This year marks an important yet largely forgotten tenth-year anniversary. A decade ago, the nuclear armed states of India and Pakistan were on the brink of a nuclear war, the closest the two, or any two states for that matter, had come to initiating a nuclear exchange since the US-Soviet Cuban Missile Crisis in 1962. Remember it? No, not that many people do: largely because escalating events on the India-Pakistan border and around the line of control (LoC) in Kashmir were eclipsed and overtaken by others happening on Pakistan’s northern border, in Afghanistan.
On the year of the tenth anniversary of Operation Parakram, or the ‘Twin Peaks’ incident- so called for two distinct peaks of high tension (when war seemed particularly imminent) during the ten month standoff, it remains important to reflect on and revisit those events. A decade on, paradoxically, much and yet nothing has changed. I wonder, if a rapid escalation of events occurred similarly between India and Pakistan today, would the course of those events and outcomes, due to regional geopolitical change and ‘Great Power interest’ shifts, conclude the same or might events follow a terrifying alternate course and perhaps end very differently indeed?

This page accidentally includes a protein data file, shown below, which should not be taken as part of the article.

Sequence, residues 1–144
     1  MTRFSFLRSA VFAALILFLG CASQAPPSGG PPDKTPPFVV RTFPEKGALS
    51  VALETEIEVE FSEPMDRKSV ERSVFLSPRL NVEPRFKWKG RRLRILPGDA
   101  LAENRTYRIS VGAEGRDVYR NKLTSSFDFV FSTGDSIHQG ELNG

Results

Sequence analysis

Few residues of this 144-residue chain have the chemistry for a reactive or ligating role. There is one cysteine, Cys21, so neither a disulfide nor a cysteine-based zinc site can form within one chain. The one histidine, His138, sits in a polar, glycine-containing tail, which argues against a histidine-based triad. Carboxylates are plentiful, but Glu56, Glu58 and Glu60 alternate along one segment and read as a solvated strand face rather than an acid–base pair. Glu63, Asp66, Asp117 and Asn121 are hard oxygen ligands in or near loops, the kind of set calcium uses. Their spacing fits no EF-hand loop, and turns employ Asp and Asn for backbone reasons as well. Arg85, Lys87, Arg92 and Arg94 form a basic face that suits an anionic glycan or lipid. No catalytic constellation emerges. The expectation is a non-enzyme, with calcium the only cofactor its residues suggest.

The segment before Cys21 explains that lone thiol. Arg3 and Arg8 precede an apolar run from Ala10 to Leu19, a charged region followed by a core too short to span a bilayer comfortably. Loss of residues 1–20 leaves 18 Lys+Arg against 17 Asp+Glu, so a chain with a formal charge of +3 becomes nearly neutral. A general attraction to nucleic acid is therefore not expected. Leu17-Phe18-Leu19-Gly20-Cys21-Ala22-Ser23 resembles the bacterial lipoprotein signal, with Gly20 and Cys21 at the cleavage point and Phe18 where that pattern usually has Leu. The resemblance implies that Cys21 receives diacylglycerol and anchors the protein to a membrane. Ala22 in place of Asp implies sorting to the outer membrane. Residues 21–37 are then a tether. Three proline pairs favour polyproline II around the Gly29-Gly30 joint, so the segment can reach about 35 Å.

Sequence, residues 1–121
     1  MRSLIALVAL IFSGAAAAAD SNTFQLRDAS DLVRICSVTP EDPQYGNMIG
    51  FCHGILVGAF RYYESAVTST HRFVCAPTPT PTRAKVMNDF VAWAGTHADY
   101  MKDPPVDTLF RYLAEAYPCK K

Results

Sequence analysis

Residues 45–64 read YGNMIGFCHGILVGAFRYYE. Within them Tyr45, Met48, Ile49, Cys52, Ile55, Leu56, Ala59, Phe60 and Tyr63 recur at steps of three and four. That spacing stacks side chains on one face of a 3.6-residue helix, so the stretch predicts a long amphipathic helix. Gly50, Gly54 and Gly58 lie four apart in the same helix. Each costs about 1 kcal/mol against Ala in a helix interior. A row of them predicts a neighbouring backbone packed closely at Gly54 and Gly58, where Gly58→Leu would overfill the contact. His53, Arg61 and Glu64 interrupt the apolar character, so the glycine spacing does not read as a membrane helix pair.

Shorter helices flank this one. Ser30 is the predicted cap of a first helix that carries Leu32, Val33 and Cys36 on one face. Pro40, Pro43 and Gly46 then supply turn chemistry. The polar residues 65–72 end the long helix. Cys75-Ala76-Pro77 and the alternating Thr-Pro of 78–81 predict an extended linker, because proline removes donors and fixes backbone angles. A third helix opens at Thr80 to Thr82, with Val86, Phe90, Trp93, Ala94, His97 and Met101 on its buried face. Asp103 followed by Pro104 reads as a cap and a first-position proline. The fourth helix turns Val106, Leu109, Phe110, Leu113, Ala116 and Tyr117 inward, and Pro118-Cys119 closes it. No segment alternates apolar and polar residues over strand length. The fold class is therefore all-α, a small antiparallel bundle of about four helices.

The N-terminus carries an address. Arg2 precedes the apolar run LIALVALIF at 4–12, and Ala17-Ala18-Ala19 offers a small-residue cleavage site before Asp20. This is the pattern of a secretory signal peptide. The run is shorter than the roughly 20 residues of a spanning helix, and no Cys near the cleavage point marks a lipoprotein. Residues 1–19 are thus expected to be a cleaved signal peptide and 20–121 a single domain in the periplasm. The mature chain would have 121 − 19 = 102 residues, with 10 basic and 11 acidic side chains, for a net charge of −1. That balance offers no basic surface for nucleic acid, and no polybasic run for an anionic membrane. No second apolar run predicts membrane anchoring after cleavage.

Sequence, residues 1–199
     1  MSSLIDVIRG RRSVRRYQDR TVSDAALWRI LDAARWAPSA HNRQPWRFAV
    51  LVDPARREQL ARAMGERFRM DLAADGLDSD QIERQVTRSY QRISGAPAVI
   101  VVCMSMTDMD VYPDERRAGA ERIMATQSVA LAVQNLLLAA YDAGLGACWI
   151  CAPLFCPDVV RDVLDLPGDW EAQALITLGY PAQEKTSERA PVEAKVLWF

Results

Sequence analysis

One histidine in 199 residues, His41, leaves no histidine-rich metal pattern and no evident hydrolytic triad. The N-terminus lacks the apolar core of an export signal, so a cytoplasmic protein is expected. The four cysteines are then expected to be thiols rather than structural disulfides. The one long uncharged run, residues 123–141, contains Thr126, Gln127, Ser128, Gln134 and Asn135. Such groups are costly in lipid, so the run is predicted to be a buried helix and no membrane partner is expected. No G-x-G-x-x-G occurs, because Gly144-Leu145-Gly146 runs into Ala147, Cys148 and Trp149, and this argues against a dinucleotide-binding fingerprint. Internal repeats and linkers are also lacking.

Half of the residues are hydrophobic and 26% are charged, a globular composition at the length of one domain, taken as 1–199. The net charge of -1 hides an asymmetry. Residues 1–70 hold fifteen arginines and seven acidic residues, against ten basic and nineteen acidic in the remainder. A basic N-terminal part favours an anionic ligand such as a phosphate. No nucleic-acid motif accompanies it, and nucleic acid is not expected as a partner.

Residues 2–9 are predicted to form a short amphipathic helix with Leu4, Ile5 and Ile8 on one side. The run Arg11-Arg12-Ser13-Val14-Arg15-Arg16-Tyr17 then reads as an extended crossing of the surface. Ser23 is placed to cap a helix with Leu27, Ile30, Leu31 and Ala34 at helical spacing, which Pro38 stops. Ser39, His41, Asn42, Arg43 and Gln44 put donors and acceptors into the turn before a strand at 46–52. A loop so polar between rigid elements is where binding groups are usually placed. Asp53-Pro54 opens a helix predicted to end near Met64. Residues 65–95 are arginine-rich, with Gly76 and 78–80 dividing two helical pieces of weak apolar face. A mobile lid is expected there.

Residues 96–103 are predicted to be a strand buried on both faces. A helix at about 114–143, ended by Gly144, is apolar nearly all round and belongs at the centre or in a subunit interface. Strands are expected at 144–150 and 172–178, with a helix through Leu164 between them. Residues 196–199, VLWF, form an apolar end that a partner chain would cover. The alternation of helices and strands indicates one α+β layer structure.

Prelude: Since the partition of India and Pakistan in 1947, at the time of their independence from British rule, Kashmir has been and remains a salient and unresolved issue between the two states, both claiming Kashmir as their respective sovereign territory. The 1998 Indian and Pakistan nuclear weapons tests exacerbated these existing tensions and for a period of ten months from December 2001 to October 2002, India and Pakistan came close to engaging in a war, centred on Kashmir, involving nuclear weapons.